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26

AES-GCM has the following problems: In the case of nonce reuse both integrity and confidentiality properties are violated. If the same nonce is used twice, an adversary can create forged ciphertexts easily. When short tags are used, it is rather easy to produce message forgeries. For instance, if the tag is 32 bits, then after $2^{16}$ forgery attempts and ...


15

In comparison against CBC mode and HMAC, GCM mode is quite commonly better alternative. But, I'll go to detail where it neccessarily is not. Just like Richie Frame, I also do not agree that CBC + HMAC is always the best comparison target. I've added few other details. Hope you find them useful. Against CBC and HMAC I'll discuss downsides first. The ...


14

Contrary to what Stephen says, you absolutely can compute the tag in parallel. Here's how it works; the tag computation is essentially "assemble the AAD, data, the length field and $Encr(Nonce)$ into a series of values $x_n, x_{n-1}, x_{n-2}, ..., x_0$", and then "compute the polynomial $x_nh^n + x_{n-1}h^{n-1} + x_{n-2}h^{n-2} + ... + x_0h^0$ This ...


12

Before answering your questions: GCM is an authentication encryption mode of operation, it is composed by two separate functions: one for encryption (AES-CTR) and one for authentication (GMAC). It receives as input: a Key a unique IV Data to be processed only with authentication (associated data) Data to be processed by encryption and authentication It ...


10

The answer is, yes, you can get FIPS certification even if you don't implement every approved cryptographical primitive, or if you don't implement every possible option of those primitives. When you undergo FIPS testing, they ask you to fill out an "information form" that asks for the details of what cryptography you claim to implement. These includes ...


9

AES has a block-size of 128 bits in all its variants. The number in AES-128/192/256 is the key-size. Rijndael, the block-cipher that became AES, also supports 256 bit blocks, but that part was not standardized as AES. Since the block-size is 128 bits, GCM works exactly the same way for AES-256 as it does for AES-128.


8

The GCM authentication tag doesn't need to be encrypted. Just attach it to the ciphertext in the clear. A very quick intuitive justification: It's an authentication tag derived from the ciphertext, it doesn't contain any sensitive information itself. The security of the GCM model assumes the tag is left in the open. (The GCM spec, SP 800-38D, shows the ...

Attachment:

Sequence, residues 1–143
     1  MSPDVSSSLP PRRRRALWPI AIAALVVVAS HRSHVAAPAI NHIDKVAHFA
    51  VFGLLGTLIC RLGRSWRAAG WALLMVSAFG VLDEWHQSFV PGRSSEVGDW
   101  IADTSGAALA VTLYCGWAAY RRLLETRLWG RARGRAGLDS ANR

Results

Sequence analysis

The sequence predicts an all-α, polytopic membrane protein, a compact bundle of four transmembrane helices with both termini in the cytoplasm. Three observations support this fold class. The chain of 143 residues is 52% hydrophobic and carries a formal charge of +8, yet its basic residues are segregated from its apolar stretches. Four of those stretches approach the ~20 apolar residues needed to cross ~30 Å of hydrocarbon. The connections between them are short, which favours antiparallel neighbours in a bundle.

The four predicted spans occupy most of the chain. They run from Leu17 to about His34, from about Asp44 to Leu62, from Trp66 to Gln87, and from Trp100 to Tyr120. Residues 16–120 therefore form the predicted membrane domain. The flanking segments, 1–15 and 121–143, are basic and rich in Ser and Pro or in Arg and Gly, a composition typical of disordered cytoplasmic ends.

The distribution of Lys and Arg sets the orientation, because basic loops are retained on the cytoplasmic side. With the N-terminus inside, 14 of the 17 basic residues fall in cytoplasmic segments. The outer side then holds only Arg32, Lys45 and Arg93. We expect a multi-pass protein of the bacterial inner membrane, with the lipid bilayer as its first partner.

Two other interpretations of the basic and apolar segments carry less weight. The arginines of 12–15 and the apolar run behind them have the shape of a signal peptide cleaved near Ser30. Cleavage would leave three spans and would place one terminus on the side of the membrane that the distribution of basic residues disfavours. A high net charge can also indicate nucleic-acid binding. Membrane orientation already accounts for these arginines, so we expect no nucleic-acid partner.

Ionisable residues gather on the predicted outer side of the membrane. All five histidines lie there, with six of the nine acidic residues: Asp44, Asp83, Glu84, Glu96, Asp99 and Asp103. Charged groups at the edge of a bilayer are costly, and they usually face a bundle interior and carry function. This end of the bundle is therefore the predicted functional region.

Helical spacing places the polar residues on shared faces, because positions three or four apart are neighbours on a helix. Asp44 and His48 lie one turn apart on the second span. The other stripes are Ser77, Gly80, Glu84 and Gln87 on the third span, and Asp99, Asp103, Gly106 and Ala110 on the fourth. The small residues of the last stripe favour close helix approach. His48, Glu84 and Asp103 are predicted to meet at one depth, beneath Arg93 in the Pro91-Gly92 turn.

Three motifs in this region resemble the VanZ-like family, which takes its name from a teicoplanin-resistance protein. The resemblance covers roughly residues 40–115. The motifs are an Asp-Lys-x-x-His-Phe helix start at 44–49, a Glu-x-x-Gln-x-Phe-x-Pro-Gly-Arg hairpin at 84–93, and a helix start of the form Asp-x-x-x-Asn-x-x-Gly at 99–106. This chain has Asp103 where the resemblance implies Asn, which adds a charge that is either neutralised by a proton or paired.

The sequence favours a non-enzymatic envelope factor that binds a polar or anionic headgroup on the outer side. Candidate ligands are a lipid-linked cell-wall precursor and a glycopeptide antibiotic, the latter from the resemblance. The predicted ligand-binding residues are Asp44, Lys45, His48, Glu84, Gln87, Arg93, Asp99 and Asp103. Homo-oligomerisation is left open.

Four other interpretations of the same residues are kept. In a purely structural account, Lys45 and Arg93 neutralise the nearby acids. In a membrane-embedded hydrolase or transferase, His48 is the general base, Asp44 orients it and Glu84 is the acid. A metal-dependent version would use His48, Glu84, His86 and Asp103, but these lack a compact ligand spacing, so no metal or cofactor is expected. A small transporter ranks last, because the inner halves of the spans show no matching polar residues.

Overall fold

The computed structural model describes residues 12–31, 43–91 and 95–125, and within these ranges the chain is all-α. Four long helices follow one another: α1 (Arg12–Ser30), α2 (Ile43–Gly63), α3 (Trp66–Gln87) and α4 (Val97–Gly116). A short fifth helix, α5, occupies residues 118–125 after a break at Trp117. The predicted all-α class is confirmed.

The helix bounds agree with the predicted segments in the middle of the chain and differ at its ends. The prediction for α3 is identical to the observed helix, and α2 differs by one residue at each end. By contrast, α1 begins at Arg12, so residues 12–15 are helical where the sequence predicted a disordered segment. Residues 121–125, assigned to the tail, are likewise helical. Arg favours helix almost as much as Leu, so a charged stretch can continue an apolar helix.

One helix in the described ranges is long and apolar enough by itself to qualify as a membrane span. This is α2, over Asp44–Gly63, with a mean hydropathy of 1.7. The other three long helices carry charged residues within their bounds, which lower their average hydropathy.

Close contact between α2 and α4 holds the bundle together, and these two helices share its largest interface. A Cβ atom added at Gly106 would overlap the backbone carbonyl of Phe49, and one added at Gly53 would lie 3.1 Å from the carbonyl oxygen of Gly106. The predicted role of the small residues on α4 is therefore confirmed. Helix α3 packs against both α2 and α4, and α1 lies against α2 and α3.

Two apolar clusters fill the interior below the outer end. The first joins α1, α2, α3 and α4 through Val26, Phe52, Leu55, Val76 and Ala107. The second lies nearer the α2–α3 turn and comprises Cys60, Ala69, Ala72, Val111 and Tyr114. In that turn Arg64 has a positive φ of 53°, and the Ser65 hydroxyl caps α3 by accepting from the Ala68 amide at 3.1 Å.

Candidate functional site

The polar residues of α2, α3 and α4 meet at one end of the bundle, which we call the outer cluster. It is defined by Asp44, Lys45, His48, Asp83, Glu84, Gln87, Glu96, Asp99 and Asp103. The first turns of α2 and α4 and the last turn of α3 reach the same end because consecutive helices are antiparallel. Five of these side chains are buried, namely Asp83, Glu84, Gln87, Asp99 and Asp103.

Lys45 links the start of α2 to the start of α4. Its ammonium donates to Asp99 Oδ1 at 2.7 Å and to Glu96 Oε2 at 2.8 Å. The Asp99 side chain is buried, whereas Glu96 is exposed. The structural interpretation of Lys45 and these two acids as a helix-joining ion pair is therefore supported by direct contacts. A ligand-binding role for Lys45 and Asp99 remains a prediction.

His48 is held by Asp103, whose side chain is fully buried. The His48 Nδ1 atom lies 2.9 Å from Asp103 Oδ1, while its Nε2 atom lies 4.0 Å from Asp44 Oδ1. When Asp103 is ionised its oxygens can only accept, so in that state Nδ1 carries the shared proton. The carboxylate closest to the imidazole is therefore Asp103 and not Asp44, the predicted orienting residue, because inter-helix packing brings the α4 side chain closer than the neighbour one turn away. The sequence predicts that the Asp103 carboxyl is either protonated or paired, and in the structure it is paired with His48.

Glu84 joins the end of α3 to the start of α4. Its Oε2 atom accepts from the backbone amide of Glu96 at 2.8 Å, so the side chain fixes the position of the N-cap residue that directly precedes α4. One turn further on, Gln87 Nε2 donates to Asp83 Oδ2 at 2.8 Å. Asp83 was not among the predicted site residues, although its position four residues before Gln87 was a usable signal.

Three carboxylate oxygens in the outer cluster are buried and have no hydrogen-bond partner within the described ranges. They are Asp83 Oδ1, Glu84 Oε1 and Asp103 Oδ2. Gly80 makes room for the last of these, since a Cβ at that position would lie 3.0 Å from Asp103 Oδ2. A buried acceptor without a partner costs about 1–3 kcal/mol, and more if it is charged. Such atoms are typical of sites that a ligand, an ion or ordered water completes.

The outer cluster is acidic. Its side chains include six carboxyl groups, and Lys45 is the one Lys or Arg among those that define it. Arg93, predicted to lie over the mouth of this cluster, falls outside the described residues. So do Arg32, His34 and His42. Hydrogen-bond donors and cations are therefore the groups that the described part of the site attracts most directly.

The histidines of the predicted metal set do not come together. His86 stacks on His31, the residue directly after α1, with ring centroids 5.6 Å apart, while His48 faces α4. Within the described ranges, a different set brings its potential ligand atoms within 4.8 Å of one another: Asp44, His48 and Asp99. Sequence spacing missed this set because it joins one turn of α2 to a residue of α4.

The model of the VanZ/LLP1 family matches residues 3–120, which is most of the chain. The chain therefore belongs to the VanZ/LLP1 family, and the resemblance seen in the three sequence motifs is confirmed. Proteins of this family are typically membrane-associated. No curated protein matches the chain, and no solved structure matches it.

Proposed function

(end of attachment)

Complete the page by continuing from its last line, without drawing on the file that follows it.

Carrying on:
8

eBACS, as given by CodesInChaos, is a great resource, and it provides much more data than I could hope to give in this answer. However, the page is not explicit about whether or not AES-NI was used — looking at the results, it doesn't seem so. For an extremely shallow analysis, but allowing us to know for-sure about hardware acceleration, we can use ...


8

AEAD modes like GCM are authenticated encryption with associated data; this setting only affects the associated data half of that. The ciphertext itself is still authenticated. The associated data portion is there to provide contextual information for the authentication of the ciphertext. Usually this data is something that's outside of direct control of the ...


8

CCM (Counter with CBC-MAC) Message authentication (via CBC-MAC) is done on the plaintext not the ciphertext. (This is generally not a desireable feature.) On the encrypt operation, the encryption and MAC could happen in parallel, but generally do not (typically because there is just one AES engine in a chip, just one AES thread at a time, etc.). Similar ...


7

If you go through the math, it appears that exactly the expected amount of ciphertext expansion is happening. Here's what's happening: The GCM takes the plaintext as a byte string of size N, and generates a ciphertext which is a byte string of size N+28, where 12 of the 28 is the nonce, and the other 16 is the authentication tag. Then, that octet string ...


7

First of all, a terminology nit: please don't say "a One-time-pad generated by a CSPRNG"; a one-time pad must, by definition, be generated randomly, and an important part of its security proof is that it was generated randomly (and so an attacker cannot disqualify any potential pad, even if that attacker had infinite computational resources). ...


7

AES-GCM uses single block cipher operation and can be processed in parallel, therefore it should be faster. CTR+HMAC requires block cipher and hash function, which usually can't be processed in parallel. Also it requires 2 keys. It is often miss-implemented (MAC-than-encrypt or MAC-and-encrypt, using single key). Cipher-text length is the same for same ...


7

This is terrible. In GCM, if you use the same nonce, then the authenticator is completely broken (for all messages in the future). You should never assume that the attacker doesn't know the filename either. You MUST use different IVs.


6

Yes, the nonce will be used with a counter appended in order to generate the CTR mode keystream. It will also be used as an input to GHASH: which is a polynomial MAC used to authenticate the data. The nonce itself does not have to be random, it can be a counter. But it absolutely must be unique for each message encrypted with the same key. Using GCM on two ...


6